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9/13/2022
10 minutes

How the OODA Loop Decision-Making Model Drives DevOps Success

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Team Copado
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DevOps is an infinite cycle of improvement. You gather feedback through frequent testing, continuous monitoring, and user (or QA) bug reports. The goal is to take action based on that feedback to fix problems and improve a product with each iteration and release. The OODA loop decision-making model provides a systematic approach to applying feedback toward continuous improvement in a DevOps environment.

What is the OODA Loop Decision-Making Model?

The OODA loop is a military combat strategy adapted for many other stressful, fast-paced situations, including software development. The OODA loop decision-making model consists of four stages: Observe, Orient, Decide, and Act. The concept aims to break down the decision-making process into small, highly focused steps you can move through quickly and thoughtfully.

Observe. Collect and prioritize information about an incident, such as bug reports, monitoring data, or test results.

Orient. Analyze the observation data without biases to obtain an objective view of the problem and potential solutions.

Decide. Choose and flesh out a course of action that’s flexible, testable, and well-documented.

Act. Act upon the decision you’ve made and collect feedback on the results.

As the name suggests, the OODA loop is a recursive process that you’ll cycle through multiple times until the issue is resolved. You can also use the feedback from one OODA loop to improve the execution of a future OODA loop when a similar issue occurs.

How the OODA Loop Decision-Making Model Drives DevOps Success

DevOps is based on the Agile methodology, which encourages breaking down the software development pipeline into small, iterative steps. This process facilitates easy pivots when requirements change or issues arise, creating a more flexible (and agile) development process.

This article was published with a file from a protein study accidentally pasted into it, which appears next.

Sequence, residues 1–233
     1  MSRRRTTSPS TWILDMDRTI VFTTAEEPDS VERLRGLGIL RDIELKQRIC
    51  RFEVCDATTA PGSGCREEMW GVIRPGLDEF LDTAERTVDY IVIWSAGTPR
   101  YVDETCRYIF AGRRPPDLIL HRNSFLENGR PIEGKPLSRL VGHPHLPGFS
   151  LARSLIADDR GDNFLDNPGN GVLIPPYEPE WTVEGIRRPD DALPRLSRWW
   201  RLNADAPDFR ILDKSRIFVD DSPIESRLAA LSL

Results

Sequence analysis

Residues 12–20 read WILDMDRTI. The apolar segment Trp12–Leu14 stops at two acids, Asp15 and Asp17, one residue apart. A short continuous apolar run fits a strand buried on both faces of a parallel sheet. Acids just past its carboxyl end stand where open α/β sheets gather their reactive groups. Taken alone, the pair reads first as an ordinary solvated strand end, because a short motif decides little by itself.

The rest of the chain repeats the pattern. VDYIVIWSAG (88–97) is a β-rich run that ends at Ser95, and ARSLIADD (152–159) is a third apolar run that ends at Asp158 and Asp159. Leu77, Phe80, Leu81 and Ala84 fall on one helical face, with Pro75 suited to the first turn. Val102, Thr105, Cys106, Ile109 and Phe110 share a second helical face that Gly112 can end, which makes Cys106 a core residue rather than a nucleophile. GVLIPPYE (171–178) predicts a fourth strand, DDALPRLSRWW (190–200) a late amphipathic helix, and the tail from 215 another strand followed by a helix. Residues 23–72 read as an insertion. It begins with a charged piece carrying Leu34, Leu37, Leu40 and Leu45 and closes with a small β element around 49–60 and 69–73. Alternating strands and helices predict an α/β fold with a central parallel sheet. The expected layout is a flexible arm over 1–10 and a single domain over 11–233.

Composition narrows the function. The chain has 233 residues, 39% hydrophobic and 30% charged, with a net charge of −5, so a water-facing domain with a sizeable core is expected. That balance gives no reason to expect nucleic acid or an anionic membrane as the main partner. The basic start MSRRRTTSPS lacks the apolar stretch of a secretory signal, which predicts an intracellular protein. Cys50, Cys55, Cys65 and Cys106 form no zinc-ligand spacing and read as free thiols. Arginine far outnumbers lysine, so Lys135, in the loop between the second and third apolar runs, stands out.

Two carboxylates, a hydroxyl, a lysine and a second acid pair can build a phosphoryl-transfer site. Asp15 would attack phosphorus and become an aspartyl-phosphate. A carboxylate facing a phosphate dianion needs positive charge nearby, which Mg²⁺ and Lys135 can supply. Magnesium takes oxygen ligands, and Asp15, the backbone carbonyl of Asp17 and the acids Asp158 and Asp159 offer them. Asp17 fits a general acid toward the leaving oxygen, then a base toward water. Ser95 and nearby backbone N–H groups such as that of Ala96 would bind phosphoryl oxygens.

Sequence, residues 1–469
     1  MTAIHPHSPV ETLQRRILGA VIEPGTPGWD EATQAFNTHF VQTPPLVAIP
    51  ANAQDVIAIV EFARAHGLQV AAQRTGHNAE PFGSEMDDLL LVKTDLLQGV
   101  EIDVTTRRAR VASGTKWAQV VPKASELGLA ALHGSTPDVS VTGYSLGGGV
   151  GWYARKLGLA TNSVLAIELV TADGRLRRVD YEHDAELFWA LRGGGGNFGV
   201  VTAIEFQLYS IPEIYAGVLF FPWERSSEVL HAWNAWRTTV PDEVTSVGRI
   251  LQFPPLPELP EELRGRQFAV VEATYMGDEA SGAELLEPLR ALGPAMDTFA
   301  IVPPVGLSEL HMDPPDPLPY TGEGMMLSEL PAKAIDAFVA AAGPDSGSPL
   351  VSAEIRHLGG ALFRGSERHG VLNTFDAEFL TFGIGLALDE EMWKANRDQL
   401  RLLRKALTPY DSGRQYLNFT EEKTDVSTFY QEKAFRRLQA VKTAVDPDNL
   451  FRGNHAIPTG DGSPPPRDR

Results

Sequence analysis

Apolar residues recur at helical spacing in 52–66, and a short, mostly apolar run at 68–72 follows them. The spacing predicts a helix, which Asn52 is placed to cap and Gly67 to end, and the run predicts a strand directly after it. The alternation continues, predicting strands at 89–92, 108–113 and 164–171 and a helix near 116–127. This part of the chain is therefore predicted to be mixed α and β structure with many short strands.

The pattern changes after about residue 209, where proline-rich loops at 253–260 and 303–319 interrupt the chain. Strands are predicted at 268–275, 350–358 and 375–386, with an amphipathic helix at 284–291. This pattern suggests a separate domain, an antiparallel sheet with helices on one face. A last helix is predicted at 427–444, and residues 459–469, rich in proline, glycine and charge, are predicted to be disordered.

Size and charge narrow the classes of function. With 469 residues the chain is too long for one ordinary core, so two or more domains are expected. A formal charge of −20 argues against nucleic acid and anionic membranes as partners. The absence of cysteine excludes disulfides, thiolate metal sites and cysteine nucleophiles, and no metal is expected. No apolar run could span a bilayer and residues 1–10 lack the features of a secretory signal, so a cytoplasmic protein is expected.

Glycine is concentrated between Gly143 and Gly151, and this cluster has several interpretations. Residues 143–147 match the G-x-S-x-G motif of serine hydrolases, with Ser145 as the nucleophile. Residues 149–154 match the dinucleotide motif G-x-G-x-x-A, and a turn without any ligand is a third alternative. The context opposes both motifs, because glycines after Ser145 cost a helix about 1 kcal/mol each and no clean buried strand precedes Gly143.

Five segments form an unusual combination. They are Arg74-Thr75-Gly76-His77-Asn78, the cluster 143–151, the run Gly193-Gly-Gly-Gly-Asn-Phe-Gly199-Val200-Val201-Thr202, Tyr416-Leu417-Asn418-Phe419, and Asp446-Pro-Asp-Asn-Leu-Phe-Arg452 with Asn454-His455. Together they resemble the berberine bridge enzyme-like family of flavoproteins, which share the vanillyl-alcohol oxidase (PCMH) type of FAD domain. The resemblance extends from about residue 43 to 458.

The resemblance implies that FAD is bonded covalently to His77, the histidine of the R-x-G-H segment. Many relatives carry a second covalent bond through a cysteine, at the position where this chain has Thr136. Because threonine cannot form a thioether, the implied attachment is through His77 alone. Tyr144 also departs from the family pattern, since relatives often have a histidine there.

The key to this kind of DevOps/Agile approach is shifting left, which means testing code as early and often as possible, often using automation for greater efficiency. This continuous testing increases the feedback frequency, determining what pivots are necessary to improve the next iteration.

The feedback collected from continuous testing typically kicks off the OODA loop decision-making model (see example below). However, as indicated above, feedback may come from monitoring alerts, user bug reports, and other sources.

Let’s look at an example of how one might use the OODA loop decision-making model within a DevOps pipeline.

Stage 1: Observation

A developer attempts to merge changes into the code base, but automated integration tests detect a defect. An incident is created and assigned back to the developer so they can review the test results. The developer may need to collect additional data, such as monitoring logs, but also must find a way to prioritize this information and weed out anything irrelevant.

Stage 2: Orientation

Rather than making a knee-jerk decision based on past experiences with similar problems, the developer attempts to discard their biases to view the issue with an open mind. They may conduct independent research or confer with their team. However, they should do so thoughtfully and without letting strong opinions sway their decision-making process.

Stage 3: Decision

The developer must now decide the best course of action. The ideal solution should be flexible so it can be altered as the situation evolves. It also needs to be testable, so the developer can immediately gather feedback on its efficacy (and potentially kick off another iteration of the OODA loop). Finally, it must be well-documented. That way, they know their actions, how those actions impacted the problem, and how to implement the solution.

Stage 4: Action

The developer puts their plan into action and observes the results. The observation may involve reviewing integration test results, monitoring and testing code as it moves through the pipeline, and collecting user feedback in production. By now, it should be obvious that this observation process is essentially the same as in stage one, meaning the developer is starting a new OODA loop. If all the feedback is positive, then stages 2-4 will progress fairly rapidly until the incident is closed.

DevOps and the OODA loop break down a larger process into small, iterative steps. In a DevOps environment, continuous testing and real-time monitoring ensure a constant flow of feedback, which means issues are caught as fast as possible. The OODA loop decision-making model uses continuous feedback to help teams quickly arrive at and implement an informed, methodical, and iterative action plan. The OODA loop drives DevOps success by providing a decision-making framework that facilitates development agility and constant improvement.

 

 

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